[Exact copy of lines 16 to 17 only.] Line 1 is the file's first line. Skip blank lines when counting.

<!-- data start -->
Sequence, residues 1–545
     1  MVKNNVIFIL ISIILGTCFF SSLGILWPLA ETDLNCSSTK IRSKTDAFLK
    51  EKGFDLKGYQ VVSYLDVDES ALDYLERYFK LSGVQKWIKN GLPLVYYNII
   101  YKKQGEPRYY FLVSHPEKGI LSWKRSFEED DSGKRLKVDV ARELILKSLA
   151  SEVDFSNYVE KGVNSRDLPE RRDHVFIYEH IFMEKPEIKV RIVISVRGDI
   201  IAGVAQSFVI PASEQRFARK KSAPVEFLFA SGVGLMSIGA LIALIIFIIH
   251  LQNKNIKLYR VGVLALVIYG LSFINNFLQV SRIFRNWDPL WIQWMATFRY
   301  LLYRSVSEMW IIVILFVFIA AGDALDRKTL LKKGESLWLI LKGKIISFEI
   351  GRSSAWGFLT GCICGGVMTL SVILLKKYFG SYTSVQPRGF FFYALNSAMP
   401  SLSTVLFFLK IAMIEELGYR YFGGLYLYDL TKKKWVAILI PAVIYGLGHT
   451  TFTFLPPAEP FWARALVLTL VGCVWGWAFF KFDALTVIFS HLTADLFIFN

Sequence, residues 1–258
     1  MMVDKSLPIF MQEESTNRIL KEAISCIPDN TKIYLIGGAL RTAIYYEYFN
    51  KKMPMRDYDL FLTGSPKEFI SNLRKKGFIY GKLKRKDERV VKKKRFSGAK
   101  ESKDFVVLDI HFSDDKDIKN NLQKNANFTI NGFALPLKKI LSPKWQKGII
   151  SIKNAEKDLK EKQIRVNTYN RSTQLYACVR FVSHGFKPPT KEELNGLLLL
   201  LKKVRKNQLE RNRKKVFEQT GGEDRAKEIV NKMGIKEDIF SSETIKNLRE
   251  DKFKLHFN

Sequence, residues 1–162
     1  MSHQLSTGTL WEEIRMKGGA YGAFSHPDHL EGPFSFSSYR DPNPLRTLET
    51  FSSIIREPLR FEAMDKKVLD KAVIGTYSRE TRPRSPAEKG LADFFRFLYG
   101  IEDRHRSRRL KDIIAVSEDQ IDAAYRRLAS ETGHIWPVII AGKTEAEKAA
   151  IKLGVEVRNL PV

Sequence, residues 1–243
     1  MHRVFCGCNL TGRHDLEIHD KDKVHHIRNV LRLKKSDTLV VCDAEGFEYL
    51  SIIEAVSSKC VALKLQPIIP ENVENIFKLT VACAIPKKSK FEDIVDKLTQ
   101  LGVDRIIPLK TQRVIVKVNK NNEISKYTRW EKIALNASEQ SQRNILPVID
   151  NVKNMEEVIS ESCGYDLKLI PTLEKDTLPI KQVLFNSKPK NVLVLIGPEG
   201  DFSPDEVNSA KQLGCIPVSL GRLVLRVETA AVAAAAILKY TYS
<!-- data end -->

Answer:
   151  SIKNAEKDLK EKQIRVNTYN RSTQLYACVR FVSHGFKPPT KEELNGLLLL
   201  LKKVRKNQLE RNRKKVFEQT GGEDRAKEIV NKMGIKEDIF SSETIKNLRE